Information and stories about food security news.

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According to the UN Food and Agriculture Organization (FAO), over 870 million people throughout the world do not have access to food. Investment in farmers and agricultural programs in developing nations is heavily encouraged by the FAO in order to help alleviate the issue.

José Graziano da Silva, director-general of the FAO, stated that more agricultural investment needs to take place. Strategic investment has already proven to be one of the most effective means of combating global hunger. He asserted that not only is more investment needed, but that investment needs to be “better.”

Graziano da Silva adds that national governments and the global community should be pushed to create a healthy economic environment where farmers have more access to investment, capital, and sustainable technology. He went on to praise Germany for its efforts, since the country spends nearly 700 million Euro annually on food security in developing countries.

Graziano da Silva’s remarks come just after the Institution of Mechanical Engineers announced that around 30-50 percent of all food produced globally is never eaten. His comments are also before the anticipated Agricultural Ministers’ Berlin Summit 2013, where greater food production efficiency and eradicating global hunger will be a frequent topic of discussion.

Christina Mattos Kindlon

Source: Blue & Green Tomorrow

 

 

 

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According to a campaign called Think.Eat.Save by the Save Food Initiative (a partnership between NEP, FAO and Messe Düsseldorf),  a third “of all food production world-wide gets lost or wasted in the food production and consumption systems. Almost half of this quantity is the result of retailers and consumers in industrialized regions who discard food that is fit for consumption.” This food is often discarded because it is considered unsellable by retailers or is bought and uneaten before reaching its expiration date. However, all of this food disposal adds up.

On a global scale, tackling food waste would save over $1 trillion dollars annually. Over 1.3 billion tons of food could be saved and used to help feed the approximately 900 million people that suffer from global hunger. According to the UK non-profit and food sustainability organization Waste & Resources Action, average savings are around $1,090 USD for individual families. Food waste is not just throwing away expired or funny shaped fruits and vegetables but also throwing away water, land, and agricultural efforts.

Think.Eat.Save is campaigning to make people more conscious shoppers, more aware of expiration dates, less likely to buy on impulse, and more accepting to funny shaped, yet edible, fruits and vegetables. Doing this, one can expect, will impact global hunger for the better, getting more edible food to those who need it and leading everyone to consume more carefully and consciously.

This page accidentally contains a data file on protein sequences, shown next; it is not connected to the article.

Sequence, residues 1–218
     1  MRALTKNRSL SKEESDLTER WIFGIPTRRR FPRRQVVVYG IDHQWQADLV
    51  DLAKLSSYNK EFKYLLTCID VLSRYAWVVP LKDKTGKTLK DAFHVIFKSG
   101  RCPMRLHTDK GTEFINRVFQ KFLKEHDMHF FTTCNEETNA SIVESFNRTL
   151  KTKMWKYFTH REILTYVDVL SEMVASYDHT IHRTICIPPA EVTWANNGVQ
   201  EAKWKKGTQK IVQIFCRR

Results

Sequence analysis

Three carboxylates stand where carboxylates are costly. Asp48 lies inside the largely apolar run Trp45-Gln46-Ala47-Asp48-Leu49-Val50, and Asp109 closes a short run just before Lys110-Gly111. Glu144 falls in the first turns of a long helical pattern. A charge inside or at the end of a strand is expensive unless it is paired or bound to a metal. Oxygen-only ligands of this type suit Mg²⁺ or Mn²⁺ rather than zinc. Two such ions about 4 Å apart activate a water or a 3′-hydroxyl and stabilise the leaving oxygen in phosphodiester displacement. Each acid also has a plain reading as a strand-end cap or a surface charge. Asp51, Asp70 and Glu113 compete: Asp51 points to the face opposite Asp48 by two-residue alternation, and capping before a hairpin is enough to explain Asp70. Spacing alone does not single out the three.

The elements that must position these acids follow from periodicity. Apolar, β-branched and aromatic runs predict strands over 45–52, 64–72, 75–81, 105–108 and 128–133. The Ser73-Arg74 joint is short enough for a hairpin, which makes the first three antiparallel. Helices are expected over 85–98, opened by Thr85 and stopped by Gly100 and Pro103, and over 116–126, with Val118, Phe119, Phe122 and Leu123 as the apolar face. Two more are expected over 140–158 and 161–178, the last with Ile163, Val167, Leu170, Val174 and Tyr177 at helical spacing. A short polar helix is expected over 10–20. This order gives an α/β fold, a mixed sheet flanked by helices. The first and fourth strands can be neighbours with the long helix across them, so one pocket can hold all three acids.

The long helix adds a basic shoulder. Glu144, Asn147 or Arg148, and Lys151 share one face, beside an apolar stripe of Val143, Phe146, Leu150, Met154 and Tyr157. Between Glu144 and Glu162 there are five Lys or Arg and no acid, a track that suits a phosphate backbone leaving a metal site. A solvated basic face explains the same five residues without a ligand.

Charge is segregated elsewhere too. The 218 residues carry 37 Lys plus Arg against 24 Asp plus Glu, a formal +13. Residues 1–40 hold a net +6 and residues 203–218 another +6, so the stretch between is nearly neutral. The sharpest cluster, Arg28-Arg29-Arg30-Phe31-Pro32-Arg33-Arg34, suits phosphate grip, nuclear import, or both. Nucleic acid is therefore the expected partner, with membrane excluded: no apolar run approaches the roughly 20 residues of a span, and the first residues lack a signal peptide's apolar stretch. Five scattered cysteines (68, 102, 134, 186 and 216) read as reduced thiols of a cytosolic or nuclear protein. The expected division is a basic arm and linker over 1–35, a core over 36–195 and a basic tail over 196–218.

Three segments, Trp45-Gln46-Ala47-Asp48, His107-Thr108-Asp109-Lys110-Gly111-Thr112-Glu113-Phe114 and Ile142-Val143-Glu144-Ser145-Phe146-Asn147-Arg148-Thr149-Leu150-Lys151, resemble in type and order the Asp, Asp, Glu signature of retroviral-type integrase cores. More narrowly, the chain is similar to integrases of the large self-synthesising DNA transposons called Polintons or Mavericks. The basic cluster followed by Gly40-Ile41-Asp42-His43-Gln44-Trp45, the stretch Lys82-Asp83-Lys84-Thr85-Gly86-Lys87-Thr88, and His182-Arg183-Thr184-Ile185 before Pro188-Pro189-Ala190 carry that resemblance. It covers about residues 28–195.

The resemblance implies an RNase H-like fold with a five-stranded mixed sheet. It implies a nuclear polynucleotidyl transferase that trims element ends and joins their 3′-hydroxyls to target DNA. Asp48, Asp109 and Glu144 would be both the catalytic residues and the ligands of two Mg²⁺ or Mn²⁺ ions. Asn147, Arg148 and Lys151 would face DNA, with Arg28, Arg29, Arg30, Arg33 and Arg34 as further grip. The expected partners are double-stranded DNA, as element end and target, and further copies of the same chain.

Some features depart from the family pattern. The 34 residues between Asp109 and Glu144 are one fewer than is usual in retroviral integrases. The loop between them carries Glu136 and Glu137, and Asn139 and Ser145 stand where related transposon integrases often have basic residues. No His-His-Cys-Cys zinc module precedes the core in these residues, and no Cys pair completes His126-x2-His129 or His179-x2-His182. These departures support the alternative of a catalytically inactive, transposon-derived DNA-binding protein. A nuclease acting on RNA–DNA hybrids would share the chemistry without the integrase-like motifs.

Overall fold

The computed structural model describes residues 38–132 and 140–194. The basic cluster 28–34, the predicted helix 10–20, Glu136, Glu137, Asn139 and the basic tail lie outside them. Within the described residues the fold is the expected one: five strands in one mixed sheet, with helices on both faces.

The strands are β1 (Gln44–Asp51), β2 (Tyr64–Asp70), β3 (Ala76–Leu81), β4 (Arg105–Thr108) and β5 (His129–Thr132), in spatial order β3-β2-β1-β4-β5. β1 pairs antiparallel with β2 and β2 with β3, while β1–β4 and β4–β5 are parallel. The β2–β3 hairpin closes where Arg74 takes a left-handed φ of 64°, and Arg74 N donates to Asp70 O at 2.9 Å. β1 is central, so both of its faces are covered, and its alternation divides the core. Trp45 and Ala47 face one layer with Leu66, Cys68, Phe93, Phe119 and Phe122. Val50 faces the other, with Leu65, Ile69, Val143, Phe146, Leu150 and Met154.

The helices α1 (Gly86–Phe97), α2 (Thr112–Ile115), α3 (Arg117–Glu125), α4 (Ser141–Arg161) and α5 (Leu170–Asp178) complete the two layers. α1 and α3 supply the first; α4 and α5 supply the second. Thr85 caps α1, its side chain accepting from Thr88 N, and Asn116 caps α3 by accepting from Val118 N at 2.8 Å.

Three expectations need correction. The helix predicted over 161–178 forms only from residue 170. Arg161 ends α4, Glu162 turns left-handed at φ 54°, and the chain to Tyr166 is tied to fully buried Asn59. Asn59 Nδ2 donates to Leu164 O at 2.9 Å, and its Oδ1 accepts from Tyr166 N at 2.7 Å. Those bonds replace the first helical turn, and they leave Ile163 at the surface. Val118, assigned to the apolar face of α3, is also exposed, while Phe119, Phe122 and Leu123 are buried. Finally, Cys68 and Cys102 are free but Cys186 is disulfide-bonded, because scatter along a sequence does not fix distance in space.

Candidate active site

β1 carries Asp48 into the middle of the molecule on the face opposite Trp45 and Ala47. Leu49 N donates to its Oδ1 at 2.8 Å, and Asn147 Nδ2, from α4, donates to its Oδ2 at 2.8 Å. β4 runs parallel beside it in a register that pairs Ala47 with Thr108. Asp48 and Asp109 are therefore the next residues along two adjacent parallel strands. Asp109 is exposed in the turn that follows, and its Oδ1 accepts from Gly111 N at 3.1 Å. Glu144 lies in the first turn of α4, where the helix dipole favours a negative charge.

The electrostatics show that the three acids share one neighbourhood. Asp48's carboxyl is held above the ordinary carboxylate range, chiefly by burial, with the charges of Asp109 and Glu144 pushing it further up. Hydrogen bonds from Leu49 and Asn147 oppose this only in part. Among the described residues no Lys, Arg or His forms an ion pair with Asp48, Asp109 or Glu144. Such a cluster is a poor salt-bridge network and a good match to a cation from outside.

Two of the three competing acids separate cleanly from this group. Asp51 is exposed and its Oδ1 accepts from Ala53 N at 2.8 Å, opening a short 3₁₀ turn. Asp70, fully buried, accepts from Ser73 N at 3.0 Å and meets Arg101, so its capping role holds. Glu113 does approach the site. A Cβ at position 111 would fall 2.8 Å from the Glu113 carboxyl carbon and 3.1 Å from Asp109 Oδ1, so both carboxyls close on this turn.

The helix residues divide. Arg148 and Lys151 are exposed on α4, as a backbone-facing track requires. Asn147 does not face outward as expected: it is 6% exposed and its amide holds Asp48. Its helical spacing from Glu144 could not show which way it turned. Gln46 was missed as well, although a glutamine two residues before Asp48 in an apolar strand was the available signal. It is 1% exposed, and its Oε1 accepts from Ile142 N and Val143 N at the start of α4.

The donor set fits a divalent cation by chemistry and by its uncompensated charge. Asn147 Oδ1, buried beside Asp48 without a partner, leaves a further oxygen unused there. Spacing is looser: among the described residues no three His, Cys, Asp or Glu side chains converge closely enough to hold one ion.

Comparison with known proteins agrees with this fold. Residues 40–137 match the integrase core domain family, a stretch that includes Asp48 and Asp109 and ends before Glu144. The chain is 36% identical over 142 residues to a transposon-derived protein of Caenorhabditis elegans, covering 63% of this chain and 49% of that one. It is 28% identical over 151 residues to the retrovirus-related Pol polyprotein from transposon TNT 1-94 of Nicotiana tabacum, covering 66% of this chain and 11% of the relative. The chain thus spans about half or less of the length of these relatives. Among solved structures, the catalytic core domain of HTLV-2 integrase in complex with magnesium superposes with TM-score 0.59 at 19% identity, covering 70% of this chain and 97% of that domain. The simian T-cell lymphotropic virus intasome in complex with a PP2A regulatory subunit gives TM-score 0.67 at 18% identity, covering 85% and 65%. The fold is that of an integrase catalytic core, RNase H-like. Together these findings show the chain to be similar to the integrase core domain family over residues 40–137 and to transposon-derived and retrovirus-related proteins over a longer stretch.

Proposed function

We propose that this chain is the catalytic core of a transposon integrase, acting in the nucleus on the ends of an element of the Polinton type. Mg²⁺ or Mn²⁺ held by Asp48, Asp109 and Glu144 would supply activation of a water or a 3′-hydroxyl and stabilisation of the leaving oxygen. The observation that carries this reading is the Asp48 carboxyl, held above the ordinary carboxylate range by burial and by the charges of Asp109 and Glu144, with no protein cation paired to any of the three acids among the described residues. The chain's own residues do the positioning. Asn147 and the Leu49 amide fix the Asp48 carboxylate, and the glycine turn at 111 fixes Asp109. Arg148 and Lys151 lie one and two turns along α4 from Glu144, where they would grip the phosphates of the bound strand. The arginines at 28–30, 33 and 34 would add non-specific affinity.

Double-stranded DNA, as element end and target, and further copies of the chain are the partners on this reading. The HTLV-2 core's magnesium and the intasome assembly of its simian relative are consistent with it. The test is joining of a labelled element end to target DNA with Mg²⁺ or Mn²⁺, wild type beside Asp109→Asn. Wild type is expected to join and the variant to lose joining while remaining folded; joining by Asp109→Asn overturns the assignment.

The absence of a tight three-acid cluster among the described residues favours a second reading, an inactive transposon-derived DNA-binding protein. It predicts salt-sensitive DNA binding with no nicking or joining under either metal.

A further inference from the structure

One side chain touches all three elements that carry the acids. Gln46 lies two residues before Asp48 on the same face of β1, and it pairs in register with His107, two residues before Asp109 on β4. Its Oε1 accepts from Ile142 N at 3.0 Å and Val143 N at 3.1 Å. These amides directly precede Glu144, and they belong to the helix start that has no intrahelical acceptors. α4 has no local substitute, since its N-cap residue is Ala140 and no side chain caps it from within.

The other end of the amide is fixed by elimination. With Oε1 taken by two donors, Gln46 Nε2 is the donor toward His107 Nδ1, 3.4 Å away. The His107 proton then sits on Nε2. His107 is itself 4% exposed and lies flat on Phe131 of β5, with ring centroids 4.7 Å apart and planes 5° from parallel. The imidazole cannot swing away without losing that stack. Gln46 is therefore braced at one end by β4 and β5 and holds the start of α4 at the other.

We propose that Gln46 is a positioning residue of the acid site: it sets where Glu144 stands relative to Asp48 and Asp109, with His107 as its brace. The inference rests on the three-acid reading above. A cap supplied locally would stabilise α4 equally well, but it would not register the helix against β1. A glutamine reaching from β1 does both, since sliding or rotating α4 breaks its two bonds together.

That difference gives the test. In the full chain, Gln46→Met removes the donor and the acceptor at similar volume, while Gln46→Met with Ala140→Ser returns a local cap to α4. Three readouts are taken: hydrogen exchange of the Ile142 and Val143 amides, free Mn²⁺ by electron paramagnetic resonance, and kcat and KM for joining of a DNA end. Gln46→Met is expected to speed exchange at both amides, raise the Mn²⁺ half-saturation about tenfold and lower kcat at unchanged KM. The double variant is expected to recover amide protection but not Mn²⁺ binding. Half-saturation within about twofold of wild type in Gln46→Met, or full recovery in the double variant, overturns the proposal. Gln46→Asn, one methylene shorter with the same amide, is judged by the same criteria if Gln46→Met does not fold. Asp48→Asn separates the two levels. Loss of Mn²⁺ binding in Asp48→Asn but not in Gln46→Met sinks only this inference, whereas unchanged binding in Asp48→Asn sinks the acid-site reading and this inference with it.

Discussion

– Angela Hooks

Sources: NY Daily News, Think.Eat.Save
Photo Source: NY News Daily

Nelson Mandela said, “Education is the most powerful weapon with which you can change the world.” For those prepared and passionate to change the world with the key to success, at a time when it is increasingly harder to achieve credentials and training through limited courses and high student loans, websites such as ‘Coursera’ are becoming an effective means of sharing and teaching the information we need to know how to change the world.

For those who want to become involved in foreign policy and understand the interconnected economies of the global food system, Johns Hopkins’ Bloomberg School of Public Health recently started a 6 week long free course entitled, “An Introduction to the U.S. Food System: Perspectives from Public Health”.

Taught by Robert S. Lawrence, M.D., this introductory course on food systems discusses “activities, people and resources involved in getting food from field to plate.” Food production in the United States deals with not only the agriculture sector but our country’s economy, the population’s general well being and health, and political issues impacting all corners of the world.

Dr. Lawrence has an extensive and highly respected background in public health. He is currently a Professor of Health Policy and International health and the Center for a Livable Future, an institution which he helped establish in 1996. He has sat on multiple committees and was the director of Health Sciences at the Rockefeller Foundation. Aside from himself, the course will also feature other faculty from the Center for a Livable Future as guest lecturers.

In order to create meaningful policy changes to reduce food insecurities and global poverty, courses such as this are extremely useful in introducing to the public the various connections that must be taken into consideration before embarking to ‘change the world’.

For someone with the desire to end world hunger, it is not enough to be equipped with a fire in their heart and a sociology degree in their hand.  By having widespread familiarity or in depth knowledge across multiple sectors, economics, diet and health, and global politics in this case, it will be easier to attack the problems we want to fix.

Deena Dulgerian

Source:coursera